Snowy owl survives apparent fiery flight through methane flare
'She would have literally been on fire, flying through the air, until she didn't have enough feathers left'
A snowy owl rescued from an east Edmonton ditch will spend at least a year in care after apparently surviving a flight through a flare.
"This bird must have flown through a methane flare," said Dale Gienow, rescue coordinator with WildNorth, an Edmonton-based rescue and rehabilitation facility for injured wildlife.
"We don't know whether it was perched upon a stack and the flames came up and singed it, or if it literally flew through.
"At any rate, it must have been a very traumatic experience for the bird because she would have literally been on fire, flying through the air, until she didn't have enough feathers left and plummeted to the ground."
Gienow was called in to capture and rescue the injured owl after a City of Edmonton truck driver spotted the big white bird bounding across a busy Edmonton highway last week.
It's not every day that you see a bird like that running across the road
"He noticed an injured owl running across the road near the intersection of the Yellowhead and the Anthony Henday," Gienow said in an interview with CBC Edmonton's Radio Active. "So he watched this bird, this big, beautiful, white and black owl, and of course that got his attention.
"It's not every day that you see a bird like that running across the road."
Gienow got directions from the driver and headed out to where the bird was last seen. Though the owl had lost the ability to fly and couldn't travel far, she would be hard to spot in the freshly fallen snow.
The yellow-eyed creature looked sickly and underweight, but had no obvious injuries.
"This gentleman had agreed to help me capture the bird so I gave him a net and I grabbed a net and the bird actually proved to be pretty easy to capture," Gienow said.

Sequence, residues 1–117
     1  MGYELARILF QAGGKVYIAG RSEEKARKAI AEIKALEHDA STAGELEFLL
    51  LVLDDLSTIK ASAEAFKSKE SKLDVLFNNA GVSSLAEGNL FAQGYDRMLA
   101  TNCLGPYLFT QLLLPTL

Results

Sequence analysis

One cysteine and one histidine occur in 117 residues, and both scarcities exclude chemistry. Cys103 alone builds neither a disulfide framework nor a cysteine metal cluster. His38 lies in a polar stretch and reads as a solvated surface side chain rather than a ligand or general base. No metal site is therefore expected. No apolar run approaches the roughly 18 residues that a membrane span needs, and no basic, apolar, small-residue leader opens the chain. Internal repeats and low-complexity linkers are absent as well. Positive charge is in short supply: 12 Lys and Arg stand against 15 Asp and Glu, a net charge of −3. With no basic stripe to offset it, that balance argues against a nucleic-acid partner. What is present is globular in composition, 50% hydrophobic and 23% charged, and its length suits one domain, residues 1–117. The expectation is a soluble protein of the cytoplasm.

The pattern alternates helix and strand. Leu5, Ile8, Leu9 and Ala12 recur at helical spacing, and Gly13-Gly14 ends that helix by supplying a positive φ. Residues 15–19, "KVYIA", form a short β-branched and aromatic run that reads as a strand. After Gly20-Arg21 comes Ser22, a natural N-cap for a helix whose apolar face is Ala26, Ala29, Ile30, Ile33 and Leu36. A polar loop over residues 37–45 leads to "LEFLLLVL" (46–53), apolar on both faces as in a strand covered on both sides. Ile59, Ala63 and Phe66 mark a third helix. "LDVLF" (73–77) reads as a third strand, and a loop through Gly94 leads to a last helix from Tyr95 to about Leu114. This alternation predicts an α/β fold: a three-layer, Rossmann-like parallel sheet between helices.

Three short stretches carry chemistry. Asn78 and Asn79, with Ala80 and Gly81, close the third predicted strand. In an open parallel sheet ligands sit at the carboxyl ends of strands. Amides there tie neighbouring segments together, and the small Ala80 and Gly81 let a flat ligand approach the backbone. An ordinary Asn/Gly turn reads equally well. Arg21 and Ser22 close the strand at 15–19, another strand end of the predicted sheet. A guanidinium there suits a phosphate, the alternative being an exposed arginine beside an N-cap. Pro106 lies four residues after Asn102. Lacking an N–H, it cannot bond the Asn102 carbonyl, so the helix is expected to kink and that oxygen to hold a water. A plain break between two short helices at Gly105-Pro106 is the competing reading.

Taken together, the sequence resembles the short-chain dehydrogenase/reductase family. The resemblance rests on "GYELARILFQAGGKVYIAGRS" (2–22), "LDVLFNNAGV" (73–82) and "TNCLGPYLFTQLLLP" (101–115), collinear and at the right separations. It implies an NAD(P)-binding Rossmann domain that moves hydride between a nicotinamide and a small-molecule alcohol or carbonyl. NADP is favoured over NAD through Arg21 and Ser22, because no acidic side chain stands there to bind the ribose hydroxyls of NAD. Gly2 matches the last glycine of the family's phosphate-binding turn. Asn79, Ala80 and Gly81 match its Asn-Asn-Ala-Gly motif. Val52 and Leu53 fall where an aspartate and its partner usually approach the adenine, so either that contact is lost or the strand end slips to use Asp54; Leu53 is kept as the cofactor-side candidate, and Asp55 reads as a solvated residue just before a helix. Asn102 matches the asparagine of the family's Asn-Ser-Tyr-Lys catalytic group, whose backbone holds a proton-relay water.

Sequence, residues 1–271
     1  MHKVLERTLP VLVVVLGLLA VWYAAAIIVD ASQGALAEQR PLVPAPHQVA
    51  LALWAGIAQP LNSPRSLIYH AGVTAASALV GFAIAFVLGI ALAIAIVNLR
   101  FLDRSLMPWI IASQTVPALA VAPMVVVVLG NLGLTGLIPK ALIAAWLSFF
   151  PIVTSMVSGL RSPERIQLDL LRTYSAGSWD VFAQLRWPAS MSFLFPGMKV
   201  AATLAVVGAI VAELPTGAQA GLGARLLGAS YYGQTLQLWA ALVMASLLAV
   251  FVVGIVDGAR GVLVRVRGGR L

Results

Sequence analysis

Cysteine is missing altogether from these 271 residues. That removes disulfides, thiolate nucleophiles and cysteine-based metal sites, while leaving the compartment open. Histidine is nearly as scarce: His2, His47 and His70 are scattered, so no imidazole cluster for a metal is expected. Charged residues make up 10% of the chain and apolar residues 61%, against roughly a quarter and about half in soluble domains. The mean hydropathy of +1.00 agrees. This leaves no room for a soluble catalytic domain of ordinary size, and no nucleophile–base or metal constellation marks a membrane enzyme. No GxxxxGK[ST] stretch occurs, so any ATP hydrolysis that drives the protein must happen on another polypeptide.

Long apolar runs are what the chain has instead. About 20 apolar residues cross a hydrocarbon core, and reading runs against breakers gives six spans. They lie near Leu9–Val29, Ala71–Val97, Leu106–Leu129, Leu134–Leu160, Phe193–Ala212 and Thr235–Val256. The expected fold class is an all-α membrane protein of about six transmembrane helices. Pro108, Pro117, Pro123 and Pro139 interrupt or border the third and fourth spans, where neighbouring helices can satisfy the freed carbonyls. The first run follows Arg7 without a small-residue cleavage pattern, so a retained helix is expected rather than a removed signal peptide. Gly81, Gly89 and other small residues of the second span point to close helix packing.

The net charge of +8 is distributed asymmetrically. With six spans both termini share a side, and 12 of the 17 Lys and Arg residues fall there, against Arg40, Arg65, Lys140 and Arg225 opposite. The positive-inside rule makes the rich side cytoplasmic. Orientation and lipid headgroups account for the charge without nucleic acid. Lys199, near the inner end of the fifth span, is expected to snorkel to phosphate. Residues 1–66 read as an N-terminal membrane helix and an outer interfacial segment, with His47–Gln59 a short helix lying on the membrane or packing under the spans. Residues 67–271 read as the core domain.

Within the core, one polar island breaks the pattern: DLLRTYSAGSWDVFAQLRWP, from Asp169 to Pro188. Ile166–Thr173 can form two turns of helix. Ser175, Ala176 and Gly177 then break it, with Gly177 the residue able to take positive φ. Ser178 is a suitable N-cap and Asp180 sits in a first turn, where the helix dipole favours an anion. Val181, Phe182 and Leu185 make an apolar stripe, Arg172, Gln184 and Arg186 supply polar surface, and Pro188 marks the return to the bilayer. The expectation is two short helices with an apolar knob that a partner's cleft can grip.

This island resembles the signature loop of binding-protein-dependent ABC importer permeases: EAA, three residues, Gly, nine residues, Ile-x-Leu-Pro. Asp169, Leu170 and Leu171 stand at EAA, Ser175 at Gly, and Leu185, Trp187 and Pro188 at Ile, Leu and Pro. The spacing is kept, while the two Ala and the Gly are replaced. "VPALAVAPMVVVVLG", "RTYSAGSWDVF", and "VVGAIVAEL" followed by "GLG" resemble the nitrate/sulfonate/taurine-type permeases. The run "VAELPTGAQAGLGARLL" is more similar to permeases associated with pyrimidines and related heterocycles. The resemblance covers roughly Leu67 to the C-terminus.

"It didn't try to fly away or run so I picked the bird up, put it in a kennel and drove it back to the wildlife hospital. She wasn't very feisty so I suspected that maybe it had been grounded for a while."
'Crispy to the touch'
It wasn't until they got the owl back to the veterinary clinic at the rehab centre and a staff member gently opened its wings, that it became apparent her flight feathers had been singed, Gienow said.
The owl likely flew through a methane flare, he said. They've dealt with similar cases at the rehab centre before.
"All of its primary feathers, these are the main longish feathers along each wing, were singed by fire where you could just see the quill," he said.
"And a lot of the actual feathers were gone, they had actually gone up in flames and a lot of the chest feathers were also crispy to the touch."
It will be at least a year before the bird moults all the burned feathers off and new ones take their place, Gienow said.
'This one's a real survivor'
"The bird otherwise is fine," he said. "Even though it hit the ground it didn't receive any other major injuries, but the problem is, these birds moult or shed their feathers once a year and grow them back again.
"So this bird will have to remain in captivity with us for a year to a year and half until those burnt feathers grow out.
"And she'll have to build up those muscles again, until she can be strong enough for us to release her back into the wild."
The bird of prey won't be the only bird of a feather at the centre during her recovery. Gienow said it's been "the winter of owls" at the facility.
WildNorth has taken in seven owls in the last week and the staff are currently working with local wildlife biologists to investigate the trend.
For her part, the scorched snowy owl is on the mend at WildNorth's dedicated rehab centre in Spruce Grove.
She is slowly regaining her vigour, thanks in part to tasty morsels of meat her caretakers have been carefully feeding her with tweezers.